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BC-APFN-Business News Digest

September 4, 2018

Here are AP Business News’ latest coverage plans, top stories and promotable content. All times EDT. For up-to-the minute information on AP’s coverage, visit Coverage Plan at newsroom.ap.org.

TOP STORIES:

TRILLION DOLLAR AMAZON — Amazon has become the second publicly traded company to be worth $1 trillion, hot on the heels of Apple. In two decades the company expanded far beyond its bookseller beginnings, and its blowout success made its founder and CEO, Jeff Bezos, No. 1 on Forbes’ billionaires list this year. By Joseph Pisani and Marley Jay. SENT: 280 words, photos.

KAEPERNICK-NIKE-WHY DO IT — Nike has created controversy by wading into football’s anthem debate with an ad featuring Colin Kaepernick. Some people are burning their shoes and Nike’s stock is falling. But the shoe maker has also garnered unprecedented buzz by featuring the ex-49ers player in its 30th anniversary “Just Do It” campaign. The ad’s copy reads “Believe in something, even if it means sacrificing everything.” By Mae Anderson. UPCOMING: 500 words by 2 p.m.

With:

CORPORATE-AMERICA-POLITICS — A look at other companies that have recently been caught up the country’s political turbulence. UPCOMING: 600 words by 3 p.m.

And:

KAEPERNICK-NIKE — Colin Kaepernick doesn’t have a job in the NFL, but he has scored a multi-year deal with Nike. A person familiar with the contract says Nike will feature Kaepernick on several platforms, including billboards, television commercials and online ads. Kaepernick began a wave of protests by NFL players two seasons ago, kneeling during the national anthem to protest police brutality and racial inequality. By Rob Maaddi. SENT: 670 words, photos.

KUSHNER COS-UNPAID FINES — The Kushner family real estate firm has amassed over half a million dollars in unpaid fines for various New York City sanitation and building violations, with much of that bill incurred while President Donald Trump’s son-in-law and adviser Jared Kushner was running the company. By Bernard Condon. SENT: 870 words, photos.

ROBOTIC SAILBOATS — A Norwegian company’s robotic sailboat has completed a trans-Atlantic race for unmanned vessels, making it the first ever to complete the nearly decade-old challenge. It’s a milestone that underscores how the technology is robust enough for extended or risky maritime research missions humans can’t do. By Kelvin Chan. SENT: 1,040 words, photos.

FOOD AND FARM-MAINE BLUEBERRIES — In the era of superfoods, Maine blueberries aren’t so super. The state’s wild blueberry industry harvests one of the most beloved fruit crops in New England, but it’s locked in a downward skid. It comes at a time when other nutrition-packed foods, from acai to quinoa, dominate the conversation about how to eat. And questions linger about when, and if, the berry will be able to make a comeback. By Patrick Whittle. SENT: 780 words, photos, video.

MARKETS & ECONOMY:

FINANCIAL MARKETS — U.S. stocks are lower as technology and health care companies slip. Amazon fared better than the rest of the market and briefly traded above $1 trillion in market value. By Marley Jay. SENT: 840 words, photos. UPCOMING: Will be updated through 5 p.m.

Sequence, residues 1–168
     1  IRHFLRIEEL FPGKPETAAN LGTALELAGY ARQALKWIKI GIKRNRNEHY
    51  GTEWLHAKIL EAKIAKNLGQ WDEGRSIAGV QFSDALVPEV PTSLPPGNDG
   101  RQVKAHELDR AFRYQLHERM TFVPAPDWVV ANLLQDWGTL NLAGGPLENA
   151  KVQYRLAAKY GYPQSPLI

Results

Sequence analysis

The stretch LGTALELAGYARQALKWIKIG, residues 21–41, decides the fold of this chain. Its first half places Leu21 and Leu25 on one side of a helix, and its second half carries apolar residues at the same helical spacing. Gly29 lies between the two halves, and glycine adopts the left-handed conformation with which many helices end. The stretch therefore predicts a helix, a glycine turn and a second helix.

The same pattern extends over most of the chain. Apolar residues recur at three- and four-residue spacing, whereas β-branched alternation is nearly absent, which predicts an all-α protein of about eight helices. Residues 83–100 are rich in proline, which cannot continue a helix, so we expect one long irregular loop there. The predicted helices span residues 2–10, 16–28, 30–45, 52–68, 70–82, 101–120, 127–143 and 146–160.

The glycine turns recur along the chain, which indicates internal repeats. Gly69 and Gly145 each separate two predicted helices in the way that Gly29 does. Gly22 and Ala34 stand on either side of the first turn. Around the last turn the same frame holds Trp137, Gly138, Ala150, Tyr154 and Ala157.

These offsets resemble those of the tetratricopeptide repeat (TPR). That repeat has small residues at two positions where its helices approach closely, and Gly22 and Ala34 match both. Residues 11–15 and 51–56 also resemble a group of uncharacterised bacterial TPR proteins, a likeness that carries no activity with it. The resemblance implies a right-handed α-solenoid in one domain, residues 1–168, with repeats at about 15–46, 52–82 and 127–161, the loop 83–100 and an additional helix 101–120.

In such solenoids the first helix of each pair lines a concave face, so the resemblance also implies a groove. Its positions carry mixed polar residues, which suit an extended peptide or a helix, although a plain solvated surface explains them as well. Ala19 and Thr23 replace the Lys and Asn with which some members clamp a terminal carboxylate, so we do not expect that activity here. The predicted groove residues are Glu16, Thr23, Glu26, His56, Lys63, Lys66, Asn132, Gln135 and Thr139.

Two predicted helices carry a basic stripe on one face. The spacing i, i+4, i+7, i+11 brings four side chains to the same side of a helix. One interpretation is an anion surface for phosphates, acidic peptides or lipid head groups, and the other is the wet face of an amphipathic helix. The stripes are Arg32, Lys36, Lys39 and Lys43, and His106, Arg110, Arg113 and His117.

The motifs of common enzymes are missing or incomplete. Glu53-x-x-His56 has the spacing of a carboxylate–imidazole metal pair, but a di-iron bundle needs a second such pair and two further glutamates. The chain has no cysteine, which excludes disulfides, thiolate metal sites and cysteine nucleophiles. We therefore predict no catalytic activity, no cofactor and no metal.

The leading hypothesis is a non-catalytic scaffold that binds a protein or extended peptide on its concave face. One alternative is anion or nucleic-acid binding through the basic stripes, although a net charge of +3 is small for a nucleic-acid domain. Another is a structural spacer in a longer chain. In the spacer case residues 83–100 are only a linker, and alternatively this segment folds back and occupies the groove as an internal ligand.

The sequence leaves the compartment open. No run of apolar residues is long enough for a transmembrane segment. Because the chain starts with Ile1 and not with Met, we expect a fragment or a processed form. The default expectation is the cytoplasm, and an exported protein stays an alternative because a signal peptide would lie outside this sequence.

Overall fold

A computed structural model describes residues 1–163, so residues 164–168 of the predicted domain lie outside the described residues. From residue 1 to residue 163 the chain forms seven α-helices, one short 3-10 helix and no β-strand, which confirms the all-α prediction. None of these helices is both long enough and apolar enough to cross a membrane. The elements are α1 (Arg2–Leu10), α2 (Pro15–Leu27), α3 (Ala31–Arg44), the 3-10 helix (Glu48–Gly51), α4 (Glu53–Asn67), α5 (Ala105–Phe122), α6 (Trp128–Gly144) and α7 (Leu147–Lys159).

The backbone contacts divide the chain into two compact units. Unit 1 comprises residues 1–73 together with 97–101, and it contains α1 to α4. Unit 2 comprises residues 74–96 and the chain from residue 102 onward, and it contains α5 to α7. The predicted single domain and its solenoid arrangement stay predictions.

CONSTRUCTION SPENDING — Spending on U.S. construction projects ticked up 0.1 percent in July, led by an increase in homebuilding and the publicly funded building of schools and highways. SENT: 220 words, photos.

ECONOMY-MANUFACTURING — U.S. factories grew at a faster pace in August as American industry continues to show robust health. SENT: 290 words.

AUTOS:

CARS-NEW MODELS — From new top-selling pickup trucks to an essential range extension for an electric car to the most popular SUV in the country, the 2019 model year for new vehicles has something for everyone. By Tom Krisher. SENT: 1,210 words, photos.

CARS-MUSCLE CAR SLOWDOWN — Sales of new American muscle cars are falling, raising questions in Detroit and elsewhere about whether a nostalgic, high-horsepower cruising culture that dates to before the 1950s is in peril. By Tom Krisher. SENT: 850 words, photos.

CARS-NERDWALLET-SALESPERSON — Car shoppers can take control of the buying process by finding the right car salesperson. Here are the key qualities to look for — and the red flags. And if you need to make the switch, it’s easier than you might think. It’s your time and money, so spend them wisely. By NerdWallet columnist Philip Reed. SENT: 860 words, photos.

CARS-SUBSCRIBE TO YOUR NEXT CAR — If you already subscribe to digital services like Netflix to binge on TV shows and Spotify to groove to an endless mix of music, the auto industry might have a deal for you: Subscribe to your next car as well. SENT: By Michael Liedtke. SENT: 850 words, photos.

CARS-NOT-SO-AUTONOMOUS GROCERY DELIVERY — Having a self-driving car deliver your groceries seems like a great future use for artificial intelligence. Yet here in the present day, there’s a human schlepping your food every step of the way. There’s even one behind the wheel. Test pilots of the technology in places like Scottsdale, Arizona, and San Jose, California, still feature human safety drivers who have to take over if the robotic one gets confused. It might not be long before that changes. By Ryan Nakashima. SENT: 730 words, photos.